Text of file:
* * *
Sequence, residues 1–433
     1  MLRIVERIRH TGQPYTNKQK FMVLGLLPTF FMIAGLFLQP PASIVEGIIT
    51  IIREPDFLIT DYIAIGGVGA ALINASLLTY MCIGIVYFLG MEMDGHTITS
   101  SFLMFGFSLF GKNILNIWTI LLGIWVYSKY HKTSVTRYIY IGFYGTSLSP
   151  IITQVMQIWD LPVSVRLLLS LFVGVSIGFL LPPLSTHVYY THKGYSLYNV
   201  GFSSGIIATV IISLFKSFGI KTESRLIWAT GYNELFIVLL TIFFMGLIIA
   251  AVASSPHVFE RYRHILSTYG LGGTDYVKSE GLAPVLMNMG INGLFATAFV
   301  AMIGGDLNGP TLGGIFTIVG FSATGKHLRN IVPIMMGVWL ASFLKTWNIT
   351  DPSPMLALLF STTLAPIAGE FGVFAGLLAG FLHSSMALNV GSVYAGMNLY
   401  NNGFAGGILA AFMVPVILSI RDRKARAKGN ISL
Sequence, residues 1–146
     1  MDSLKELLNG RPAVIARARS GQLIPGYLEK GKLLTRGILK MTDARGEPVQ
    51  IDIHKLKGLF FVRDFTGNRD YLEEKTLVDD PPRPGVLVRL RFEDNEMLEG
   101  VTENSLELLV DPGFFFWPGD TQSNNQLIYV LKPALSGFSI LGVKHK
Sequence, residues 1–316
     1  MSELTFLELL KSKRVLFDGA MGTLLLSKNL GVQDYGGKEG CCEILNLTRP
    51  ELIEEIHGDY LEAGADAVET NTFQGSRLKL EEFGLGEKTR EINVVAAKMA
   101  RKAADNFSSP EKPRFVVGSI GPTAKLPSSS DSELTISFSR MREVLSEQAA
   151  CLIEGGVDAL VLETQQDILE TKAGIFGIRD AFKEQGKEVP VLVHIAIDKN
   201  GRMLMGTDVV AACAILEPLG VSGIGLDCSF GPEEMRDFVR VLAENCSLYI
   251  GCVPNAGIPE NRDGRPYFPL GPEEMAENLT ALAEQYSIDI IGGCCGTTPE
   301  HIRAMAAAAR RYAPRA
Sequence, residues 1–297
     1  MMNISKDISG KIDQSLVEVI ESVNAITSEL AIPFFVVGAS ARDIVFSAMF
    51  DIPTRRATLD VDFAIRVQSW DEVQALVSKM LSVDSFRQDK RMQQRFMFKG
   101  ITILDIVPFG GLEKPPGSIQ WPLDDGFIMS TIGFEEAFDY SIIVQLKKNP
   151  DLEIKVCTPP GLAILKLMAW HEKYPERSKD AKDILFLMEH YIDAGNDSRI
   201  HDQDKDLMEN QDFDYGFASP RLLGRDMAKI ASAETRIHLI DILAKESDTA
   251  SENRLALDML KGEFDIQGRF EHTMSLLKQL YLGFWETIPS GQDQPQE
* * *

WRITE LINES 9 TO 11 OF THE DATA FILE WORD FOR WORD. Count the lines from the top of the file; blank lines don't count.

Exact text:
   351  DPSPMLALLF STTLAPIAGE FGVFAGLLAG FLHSSMALNV GSVYAGMNLY
   401  NNGFAGGILA AFMVPVILSI RDRKARAKGN ISL
Sequence, residues 1–146